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Future of Financial Advice

The Future of Financial Advice is here – or is it?

John Hewison
Founder and Director
2 Jul 2013

New legislation under the title of Future of Financial advice or FoFA took effect yesterday.

This legislation includes:

  • Banning of commission on financial products
  • Banning of conflicted advice
  • Fiduciary duty – putting the client’s interests first
  • Annual specific fee disclosure to the client
  • Opt-in where the client gets a clear statement and chance to review their service and cost arrangements with their adviser – that is, opt to continue or terminate

These are all excellent initiatives – and what the consumer deserves. Of course, many of us practice these standards anyway, but with over 94% of the financial advisers in Australia tied to product manufacturers (banks, insurance companies and other institutions) this is clearly a big ask.

Despite these changes having been on the table for over two years, the Financial Services Council (FSC), which represents many of the product providers, and the Association of Financial Advisers (AFA), representing a number of insurance advisers, have stepped in at the last minute pleading with the Government for a further 12 month deferral, as they claim they are not ready to comply.

All this demonstrates just how convoluted the Australian financial industry has become. After all this time and lead-up, it cannot separate professional advice from product sales or untangle the intricate web of commission payments, shelf space fees and volume-based incentives that exist. More importantly, it is incapable of delivering absolute transparency to the consumer.

Professional unbiased financial advice can only be provided by independent firms who have no affiliation or financial arrangement with investment product or service providers.

In my opinion, the perfectly reasonable hurdles put in place by the FoFA can never be met by the existing industry structure. There are too many snouts in the trough taking payments that can’t be justified to the consumer; and too many conflicts forcing advisers to recommend products based on their affiliation, not the benefit to the consumer.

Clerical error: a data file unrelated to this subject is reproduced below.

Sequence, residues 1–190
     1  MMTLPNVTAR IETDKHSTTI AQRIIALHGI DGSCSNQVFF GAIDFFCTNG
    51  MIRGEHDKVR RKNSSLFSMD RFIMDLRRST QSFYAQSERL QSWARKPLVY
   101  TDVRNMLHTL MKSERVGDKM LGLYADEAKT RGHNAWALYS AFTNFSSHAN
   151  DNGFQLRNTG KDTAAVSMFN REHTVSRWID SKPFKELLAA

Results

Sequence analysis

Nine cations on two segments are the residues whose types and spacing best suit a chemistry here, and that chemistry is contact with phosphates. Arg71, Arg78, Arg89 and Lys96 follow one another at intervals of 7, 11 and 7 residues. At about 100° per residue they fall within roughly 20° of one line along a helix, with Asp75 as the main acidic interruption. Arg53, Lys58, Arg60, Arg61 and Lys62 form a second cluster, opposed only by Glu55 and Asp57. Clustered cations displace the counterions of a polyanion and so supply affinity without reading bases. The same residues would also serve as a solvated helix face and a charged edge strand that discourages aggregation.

I believe FoFA is a flawed legislation with honourable intention. What we still need is an industry restructure and a separation between professional advice and financial product – full stop; end of story. Nothing else will solve this problem. Joint regulation between ASIC and the Financial Planning Association of Australia (FPA) seems to be the only logical solution to this vast problem. The FPA already has degree-based education standards, a Code of Ethics and Professional Standards and disciplinary arrangements.

But don’t hold your breath waiting for effective major change.

In the meantime, I urge consumers to seek out highly qualified, independent advisers who can demonstrate that they are absolutely free of conflict with product or service providers; who can clearly and specifically stipulate their fees; who do not receive any financial reward from any other party to the client transaction; and who have absolute commitment to their clients’ wellbeing.

Hewison Private Wealth is a Melbourne based independent financial planning firm. Our financial advisers are highly qualified wealth managers and specialise in self managed super funds (SMSF), financial planning, retirement planning advice and investment portfolio management. If you would like to speak to a financial adviser on how you can secure your financial future please contact us 03 8548 4800, email info@hewison.com.au or visit www.hewison.com.auPlease note: The advice provided above is general information only and individuals should seek specialised advice from a qualified financial advisor. The views in this blog are those of the individual and may not represent the general opinion of the firm. Please contact Hewison Private Wealth for more information.